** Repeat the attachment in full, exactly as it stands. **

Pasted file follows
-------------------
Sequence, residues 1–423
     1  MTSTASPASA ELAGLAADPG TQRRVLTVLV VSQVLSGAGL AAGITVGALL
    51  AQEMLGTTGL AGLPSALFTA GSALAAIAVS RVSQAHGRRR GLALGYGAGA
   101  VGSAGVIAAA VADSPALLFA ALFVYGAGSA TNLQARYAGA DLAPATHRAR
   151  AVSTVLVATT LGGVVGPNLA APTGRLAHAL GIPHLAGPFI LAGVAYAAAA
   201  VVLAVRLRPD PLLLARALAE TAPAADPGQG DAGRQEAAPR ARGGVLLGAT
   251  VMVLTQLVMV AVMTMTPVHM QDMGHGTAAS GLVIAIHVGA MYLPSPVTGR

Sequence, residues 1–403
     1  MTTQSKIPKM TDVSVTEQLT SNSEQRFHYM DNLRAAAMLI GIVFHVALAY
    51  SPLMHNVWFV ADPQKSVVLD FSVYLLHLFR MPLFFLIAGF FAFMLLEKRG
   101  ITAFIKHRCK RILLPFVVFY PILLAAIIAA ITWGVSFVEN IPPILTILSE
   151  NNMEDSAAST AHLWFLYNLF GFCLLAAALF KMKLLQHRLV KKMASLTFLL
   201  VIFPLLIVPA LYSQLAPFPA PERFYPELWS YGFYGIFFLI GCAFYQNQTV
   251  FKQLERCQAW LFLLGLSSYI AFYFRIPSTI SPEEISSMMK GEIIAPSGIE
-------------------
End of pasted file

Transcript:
Sequence, residues 1–423
     1  MTSTASPASA ELAGLAADPG TQRRVLTVLV VSQVLSGAGL AAGITVGALL
    51  AQEMLGTTGL AGLPSALFTA GSALAAIAVS RVSQAHGRRR GLALGYGAGA
   101  VGSAGVIAAA VADSPALLFA ALFVYGAGSA TNLQARYAGA DLAPATHRAR
   151  AVSTVLVATT LGGVVGPNLA APTGRLAHAL GIPHLAGPFI LAGVAYAAAA
   201  VVLAVRLRPD PLLLARALAE TAPAADPGQG DAGRQEAAPR ARGGVLLGAT
   251  VMVLTQLVMV AVMTMTPVHM QDMGHGTAAS GLVIAIHVGA MYLPSPVTGR

Sequence, residues 1–403
     1  MTTQSKIPKM TDVSVTEQLT SNSEQRFHYM DNLRAAAMLI GIVFHVALAY
    51  SPLMHNVWFV ADPQKSVVLD FSVYLLHLFR MPLFFLIAGF FAFMLLEKRG
   101  ITAFIKHRCK RILLPFVVFY PILLAAIIAA ITWGVSFVEN IPPILTILSE
   151  NNMEDSAAST AHLWFLYNLF GFCLLAAALF KMKLLQHRLV KKMASLTFLL
   201  VIFPLLIVPA LYSQLAPFPA PERFYPELWS YGFYGIFFLI GCAFYQNQTV
   251  FKQLERCQAW LFLLGLSSYI AFYFRIPSTI SPEEISSMMK GEIIAPSGIE